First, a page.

In the Acme Owners Sale, where is the Grocers Cut?

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If the Federal Trade Commission clears Acme Markets owner Albertsons’ $20 billion sale to Kroger on schedule next month, the private investors who control this collection of U.S. grocery and drug store chains will have realized profits nine times greater than what they have since invested. 2006.

That’s about triple what you and I and our pension plans (if any) would have gotten if we had put our money in the S&P 500 stock index over the same period. And that’s far more than rising wages for grocers, even with pandemic-era gains caused by labor shortages and competition to hire from Amazon and other grocery operators. warehouses and delivery.

These investors, led by private equity giant Cerberus Capital Management, brought together the 2,300 stores that now make up Albertsons in a series of complex transactions. Besides Acme, they include Safeway, Jewel-Osco, Vons, Shaw, and over a dozen other brands.

Cerberus doesn’t always hit the home runs: The 30-year-old company lost $2 billion in Chrysler’s 2009 bankruptcy. For the grocery bet, it spread its risk by partnering with four big investors real estate, including Lubert-Adler, the Philadelphia-based real estate partnership whose clients include Pennsylvania’s public pension plans.

After years of merging, consolidating and upgrading stores, these pros took Albertsons public last year but still control more than 50% of the shares and will be the biggest beneficiaries of the Kroger deal.

For example, Lubert-Adler owns about 10.9% of Albertsons and is expected to turn its $300 million investment into $2.7 billion if everything goes according to schedule. (With the government still reviewing the sale, founders Ira Lubert and Dean Adler wouldn’t speak when I called last week.)

The deal also includes a big parting kiss: after Albertsons used its pandemic-era profits to pay off much of its old debt – reducing its debt-to-earnings ratio from nearly 5 to just 1 – The company agreed to pay private equity funds and other current investors an additional $4 billion – $6.85 per share – as a “special dividend” on Nov. 7.

That’s more than two years of profits for the company, meaning Albertsons will have to borrow at today’s rapidly rising rates, pushing the debt-to-equity ratio up to 2.5, still well below the level before the pandemic; or use proceeds from asset sales, which the government is expected to require as a condition of the deal in Midwestern and Western states where Kroger and Albertsons stores compete.

The payout stokes critics, who disregard store improvements, new technology and other investments by private equity owners, and see investors like Cerberus and Lubert-Adler as scavengers squeezing companies’ employees targets and leave the companies they buy and sell weaker when they’re squeezed out of profits and payouts.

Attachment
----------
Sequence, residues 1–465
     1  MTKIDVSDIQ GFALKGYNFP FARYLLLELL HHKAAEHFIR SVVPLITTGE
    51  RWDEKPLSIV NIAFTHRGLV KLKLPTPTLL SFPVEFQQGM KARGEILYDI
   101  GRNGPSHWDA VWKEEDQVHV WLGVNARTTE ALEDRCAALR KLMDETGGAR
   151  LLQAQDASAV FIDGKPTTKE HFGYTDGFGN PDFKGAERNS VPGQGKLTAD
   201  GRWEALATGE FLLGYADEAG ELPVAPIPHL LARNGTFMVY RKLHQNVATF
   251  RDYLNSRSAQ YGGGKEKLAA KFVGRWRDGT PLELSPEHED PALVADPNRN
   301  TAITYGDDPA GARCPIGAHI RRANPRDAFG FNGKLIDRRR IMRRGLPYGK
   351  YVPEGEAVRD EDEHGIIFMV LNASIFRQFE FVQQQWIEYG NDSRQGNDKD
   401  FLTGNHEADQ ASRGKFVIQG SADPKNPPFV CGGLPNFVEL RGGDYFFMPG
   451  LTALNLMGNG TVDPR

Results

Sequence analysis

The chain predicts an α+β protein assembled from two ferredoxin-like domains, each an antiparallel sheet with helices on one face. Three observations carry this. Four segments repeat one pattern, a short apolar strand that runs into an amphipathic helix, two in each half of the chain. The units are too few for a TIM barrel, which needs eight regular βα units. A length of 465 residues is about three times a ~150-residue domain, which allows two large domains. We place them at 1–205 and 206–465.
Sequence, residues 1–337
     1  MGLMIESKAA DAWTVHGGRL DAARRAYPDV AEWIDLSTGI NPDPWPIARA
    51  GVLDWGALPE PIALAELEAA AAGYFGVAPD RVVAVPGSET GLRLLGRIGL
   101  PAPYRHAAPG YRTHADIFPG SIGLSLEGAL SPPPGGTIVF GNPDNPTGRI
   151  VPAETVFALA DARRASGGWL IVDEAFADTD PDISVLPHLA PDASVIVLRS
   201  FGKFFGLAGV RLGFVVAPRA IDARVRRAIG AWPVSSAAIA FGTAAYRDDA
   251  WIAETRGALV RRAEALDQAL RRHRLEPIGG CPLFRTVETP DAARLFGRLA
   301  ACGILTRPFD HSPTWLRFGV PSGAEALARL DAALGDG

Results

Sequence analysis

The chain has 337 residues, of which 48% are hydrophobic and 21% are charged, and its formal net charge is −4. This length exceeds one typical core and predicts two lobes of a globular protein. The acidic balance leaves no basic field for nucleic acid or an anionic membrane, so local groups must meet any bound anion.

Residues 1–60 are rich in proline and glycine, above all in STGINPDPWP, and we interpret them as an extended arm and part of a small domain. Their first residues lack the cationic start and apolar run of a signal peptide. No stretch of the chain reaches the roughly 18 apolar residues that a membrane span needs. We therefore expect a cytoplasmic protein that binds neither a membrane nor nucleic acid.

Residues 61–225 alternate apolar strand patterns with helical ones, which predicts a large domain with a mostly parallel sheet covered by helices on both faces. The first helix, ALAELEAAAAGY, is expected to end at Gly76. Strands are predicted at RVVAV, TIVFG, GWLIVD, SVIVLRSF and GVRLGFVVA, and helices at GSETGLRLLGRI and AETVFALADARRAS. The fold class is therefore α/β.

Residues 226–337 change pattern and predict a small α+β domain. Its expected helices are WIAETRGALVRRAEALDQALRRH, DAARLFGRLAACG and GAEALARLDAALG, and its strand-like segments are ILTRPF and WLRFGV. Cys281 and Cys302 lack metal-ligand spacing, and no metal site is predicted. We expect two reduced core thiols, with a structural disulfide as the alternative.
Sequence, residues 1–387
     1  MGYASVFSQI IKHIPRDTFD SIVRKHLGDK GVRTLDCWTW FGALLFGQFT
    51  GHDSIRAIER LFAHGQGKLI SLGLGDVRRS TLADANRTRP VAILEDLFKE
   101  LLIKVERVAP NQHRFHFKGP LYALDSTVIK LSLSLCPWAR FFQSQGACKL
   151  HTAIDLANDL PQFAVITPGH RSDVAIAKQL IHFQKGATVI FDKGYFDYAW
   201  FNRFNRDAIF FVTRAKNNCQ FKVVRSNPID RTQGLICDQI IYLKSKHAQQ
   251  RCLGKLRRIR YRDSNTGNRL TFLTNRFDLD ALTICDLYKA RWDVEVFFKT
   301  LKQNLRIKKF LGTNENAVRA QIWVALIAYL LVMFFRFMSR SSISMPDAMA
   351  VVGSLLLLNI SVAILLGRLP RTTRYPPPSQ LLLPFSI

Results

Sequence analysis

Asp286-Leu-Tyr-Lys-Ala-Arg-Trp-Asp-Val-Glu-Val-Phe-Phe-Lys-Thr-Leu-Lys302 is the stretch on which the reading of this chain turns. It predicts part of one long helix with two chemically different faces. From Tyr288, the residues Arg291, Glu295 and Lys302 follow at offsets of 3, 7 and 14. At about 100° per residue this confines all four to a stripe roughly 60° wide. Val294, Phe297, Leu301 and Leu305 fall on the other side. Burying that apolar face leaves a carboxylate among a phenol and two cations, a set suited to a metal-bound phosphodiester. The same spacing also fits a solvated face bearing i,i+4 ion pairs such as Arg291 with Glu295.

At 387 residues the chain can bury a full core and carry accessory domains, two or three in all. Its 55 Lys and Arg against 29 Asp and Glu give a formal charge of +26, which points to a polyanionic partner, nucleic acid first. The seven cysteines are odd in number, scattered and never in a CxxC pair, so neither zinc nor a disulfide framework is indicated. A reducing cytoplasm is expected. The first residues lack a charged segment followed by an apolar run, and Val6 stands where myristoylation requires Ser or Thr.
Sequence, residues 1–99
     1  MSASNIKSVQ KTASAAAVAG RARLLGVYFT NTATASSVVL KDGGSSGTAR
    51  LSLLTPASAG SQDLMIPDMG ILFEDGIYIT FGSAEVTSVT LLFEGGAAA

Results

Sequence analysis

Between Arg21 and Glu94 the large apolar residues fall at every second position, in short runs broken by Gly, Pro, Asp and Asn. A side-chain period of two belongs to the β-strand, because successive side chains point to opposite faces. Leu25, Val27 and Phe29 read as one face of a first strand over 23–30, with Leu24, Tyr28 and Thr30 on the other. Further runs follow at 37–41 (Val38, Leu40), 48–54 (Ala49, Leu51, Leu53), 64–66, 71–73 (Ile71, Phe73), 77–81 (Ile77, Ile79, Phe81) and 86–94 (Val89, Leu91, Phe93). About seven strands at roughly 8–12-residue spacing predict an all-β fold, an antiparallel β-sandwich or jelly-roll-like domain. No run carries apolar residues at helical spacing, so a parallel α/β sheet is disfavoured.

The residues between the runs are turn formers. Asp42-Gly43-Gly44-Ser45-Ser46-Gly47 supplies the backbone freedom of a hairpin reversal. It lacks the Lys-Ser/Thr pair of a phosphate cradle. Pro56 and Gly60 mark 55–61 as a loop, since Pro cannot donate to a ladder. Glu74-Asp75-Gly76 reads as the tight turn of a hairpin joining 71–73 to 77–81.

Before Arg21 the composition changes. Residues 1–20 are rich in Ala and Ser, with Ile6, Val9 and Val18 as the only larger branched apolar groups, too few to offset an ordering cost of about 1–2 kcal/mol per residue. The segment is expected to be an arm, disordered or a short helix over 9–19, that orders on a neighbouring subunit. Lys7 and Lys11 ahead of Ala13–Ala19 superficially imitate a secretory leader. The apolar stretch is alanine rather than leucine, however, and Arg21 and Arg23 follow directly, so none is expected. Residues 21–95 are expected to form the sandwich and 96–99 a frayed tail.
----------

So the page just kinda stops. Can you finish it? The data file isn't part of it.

“This will significantly weaken the indebted grocery chain. Regulators must step in and stop this corporate plunder,” wrote Eileen Appelbaum, a Penn and Temple-trained economist, author of Private equity at workand co-director of the Center for Economic and Policy Research, a think tank in Washington, D.C.

“It’s a very big concern for the unions: what financial situation is this company going to be in when you take $4 billion out of these companies? We’ve had some discussions about this, our international union is hiring financial experts and law firms, and I think you’re going to see attempts to block or block this payment,” says Wendell Young IV, President of United Food and Commercial Workers Local 1776, based in Philadelphia, which represents workers at Acme and 100 other companies, mostly in Pennsylvania.

The union and other locals at both chains in 34 states fear the cost of reimbursing Cerberus, Lubert-Adler and other private investors “will come to the bargaining table to drive down wages and benefits.” , Young added. Merger-related debt is as common as mergers in grocery chains.

Young notes that his union had a series of “nasty fights with Acme” even before its former owner, Sam Skaggs’ American Stores, was bought out by Albertsons in 1999.

Union leaders talk tough; it’s part of the negotiations. With Kroger and Albertson’s long history as union businesses — now competing with Walmart’s non-union grocers in Wegmans — there’s reason to expect expanded Kroger and its unions s ‘hear, with a bigger and more efficient competitor, providing pensions and medical care, the plans that set the chains apart as unionized employers are more likely to proceed.

When Skaggs’ company hired Wall Street bankers and threatened to sell Acme stores, the syndicate hired its own investment bank and tried to buy them (as it did former A&P stores for form the former SuperFresh chain).

In the late 2000s, when Albertsons merged with the SuperValu group of stores and executives demanded cuts, the union waged a “walk and work” picket campaign to pressure the company to she continues to pay benefits without breaking her contract.

Young said similar tactics could pressure Kroger to commit to funding store salaries, benefits and needs before paying investors — and that the worker-friendly Biden administration, or even the state antitrust regulators, could help persuade employers to change their agreement so that it is more favorable to workers.

But it would be unusual for the FTC, Securities and Exchange Commission or any other federal agency to step in and block Albertsons from paying investors a large dividend, says Charles Elson, a corporate governance consultant based in Newark, Del.

That’s because Kroger, the buyer, agreed to accept the Albertsons even without the $4 billion, he added. “If Kroger thought taking the money would ruin the Albertsons, they wouldn’t buy it,” Elson added. “Kroger must deliver results for its own investors.”

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